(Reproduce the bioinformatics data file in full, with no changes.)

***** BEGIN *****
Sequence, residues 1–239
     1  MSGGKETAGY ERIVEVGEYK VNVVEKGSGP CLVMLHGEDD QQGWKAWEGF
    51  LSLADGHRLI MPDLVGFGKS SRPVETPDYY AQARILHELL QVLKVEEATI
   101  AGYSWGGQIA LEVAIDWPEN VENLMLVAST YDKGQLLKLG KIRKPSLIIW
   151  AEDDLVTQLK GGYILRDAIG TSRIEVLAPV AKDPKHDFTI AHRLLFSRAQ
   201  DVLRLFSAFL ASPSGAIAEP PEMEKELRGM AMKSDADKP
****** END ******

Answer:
Sequence, residues 1–239
     1  MSGGKETAGY ERIVEVGEYK VNVVEKGSGP CLVMLHGEDD QQGWKAWEGF
    51  LSLADGHRLI MPDLVGFGKS SRPVETPDYY AQARILHELL QVLKVEEATI
   101  AGYSWGGQIA LEVAIDWPEN VENLMLVAST YDKGQLLKLG KIRKPSLIIW
   151  AEDDLVTQLK GGYILRDAIG TSRIEVLAPV AKDPKHDFTI AHRLLFSRAQ
   201  DVLRLFSAFL ASPSGAIAEP PEMEKELRGM AMKSDADKP